Today we’re thrilled to have as our featured guest Dan Hassler-Forest, author, educator, and all-around nice guy. Dan works as assistant professor of cultural theory, popular culture, and zombies at the University of Amsterdam, and has written or edited three books to date covering the media and themes of films and comics and where the twain meet: The Rise and Reason of Comics and Graphic Literature, Capitalist Superheroes: Caped Crusaders in the Neoliberal Age, and Transmedia (Dutch). Follow him on Twitter (@DanHF) and be sure to check out his insightful and entertaining blog, Dr. Dan’s Medicine.

Dan Hassler-Forest:

Long before I ever saw a Mad Max movie, I’d immersed myself pretty deeply in the franchise’s unique storyworld. As a movie-obsessed ten-year-old with limited access to actual films, I must have read Joan Vinge’s Mad Max Beyond Thunderdome novelization at least three times before finally seeing the movie on VHS. Years later, as a pretentious young cinephile, I learned to regard Mad Max 2 (aka The Road Warrior) as the only truly great entry in the trilogy, dismissing Thunderdome as an overblown and inconsistent cash-in.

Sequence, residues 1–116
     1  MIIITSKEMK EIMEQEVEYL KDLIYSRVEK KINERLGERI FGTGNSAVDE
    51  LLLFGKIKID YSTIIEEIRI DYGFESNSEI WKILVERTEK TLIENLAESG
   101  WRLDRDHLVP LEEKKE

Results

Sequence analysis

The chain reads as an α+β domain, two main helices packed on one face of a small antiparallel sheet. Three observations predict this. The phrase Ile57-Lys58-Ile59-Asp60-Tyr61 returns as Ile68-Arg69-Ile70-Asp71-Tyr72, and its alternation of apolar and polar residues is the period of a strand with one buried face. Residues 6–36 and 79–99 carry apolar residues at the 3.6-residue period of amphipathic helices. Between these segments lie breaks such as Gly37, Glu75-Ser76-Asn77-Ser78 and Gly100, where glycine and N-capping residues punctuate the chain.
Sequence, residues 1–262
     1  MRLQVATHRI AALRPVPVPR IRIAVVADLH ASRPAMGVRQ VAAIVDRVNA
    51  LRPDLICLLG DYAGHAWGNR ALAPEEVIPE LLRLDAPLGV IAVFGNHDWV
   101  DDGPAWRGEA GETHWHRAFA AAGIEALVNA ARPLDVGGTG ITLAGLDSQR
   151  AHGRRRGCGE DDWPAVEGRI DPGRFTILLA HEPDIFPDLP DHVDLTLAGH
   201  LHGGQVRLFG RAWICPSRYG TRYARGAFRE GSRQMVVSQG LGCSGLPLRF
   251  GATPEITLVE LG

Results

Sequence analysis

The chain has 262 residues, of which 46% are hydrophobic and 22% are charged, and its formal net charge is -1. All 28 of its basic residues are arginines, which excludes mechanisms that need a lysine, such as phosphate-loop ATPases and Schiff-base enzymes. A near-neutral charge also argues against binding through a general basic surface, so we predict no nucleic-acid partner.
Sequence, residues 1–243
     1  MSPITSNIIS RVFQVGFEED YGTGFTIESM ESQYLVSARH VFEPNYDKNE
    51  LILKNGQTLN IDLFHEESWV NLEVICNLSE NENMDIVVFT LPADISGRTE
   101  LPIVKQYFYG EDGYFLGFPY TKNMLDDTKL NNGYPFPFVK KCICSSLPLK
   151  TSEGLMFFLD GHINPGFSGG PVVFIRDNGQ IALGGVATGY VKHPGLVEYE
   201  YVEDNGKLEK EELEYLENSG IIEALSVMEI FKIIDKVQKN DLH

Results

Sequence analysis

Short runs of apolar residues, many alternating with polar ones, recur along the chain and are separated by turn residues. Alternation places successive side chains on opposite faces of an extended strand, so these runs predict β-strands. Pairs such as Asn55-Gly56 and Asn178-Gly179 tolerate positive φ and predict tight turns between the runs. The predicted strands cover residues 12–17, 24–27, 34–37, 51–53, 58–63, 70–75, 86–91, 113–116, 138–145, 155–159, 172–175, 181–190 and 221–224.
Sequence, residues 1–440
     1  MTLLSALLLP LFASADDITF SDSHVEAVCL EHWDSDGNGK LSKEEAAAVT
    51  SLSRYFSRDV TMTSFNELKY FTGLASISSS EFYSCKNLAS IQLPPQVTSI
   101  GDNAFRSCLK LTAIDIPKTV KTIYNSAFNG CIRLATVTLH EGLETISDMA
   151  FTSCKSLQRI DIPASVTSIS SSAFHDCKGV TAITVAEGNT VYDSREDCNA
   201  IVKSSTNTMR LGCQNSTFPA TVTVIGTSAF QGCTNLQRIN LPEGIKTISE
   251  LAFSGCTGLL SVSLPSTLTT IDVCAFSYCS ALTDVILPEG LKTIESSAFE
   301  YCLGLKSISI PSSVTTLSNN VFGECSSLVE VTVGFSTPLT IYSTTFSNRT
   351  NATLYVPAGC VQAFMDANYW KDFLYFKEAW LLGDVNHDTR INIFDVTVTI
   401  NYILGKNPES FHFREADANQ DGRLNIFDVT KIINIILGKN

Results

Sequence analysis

But Thunderdome has grown on me over the years, even to the point where it’s become my personal favorite in the series. In a way, it’s the polar opposite of Road Warrior’s classical formalism: Thunderdome is indeed bloated, digressive, sentimental, and often downright delirious. The tonal shift between the fully realized and truly overwhelming world of Bartertown and the kids’ colony dreaming of ‘Tomorrow-morrow-land’ is all but guaranteed to give one whiplash. But at the same time, and especially after repeat viewings, it’s this very inconsistency that gives Mad Max Beyond Thunderdome its enduring charm. It may not run like a well-oiled machine, but considering the precarious, improvised world it portrays, Thunderdome’s clunky, hybrid nature actually feels perfectly appropriate. (@DanHF)

The Team


Having not seen any Mad Max films for well over a decade, the imminent release of Fury Road and a bit of a push from the Two Cents curators got me to begin cycling through the series. Mad Max Beyond Thunderdome is currently on sale on VUDU, so after rewatching the first two (already in my UV library) I purchased a copy and was not disappointed.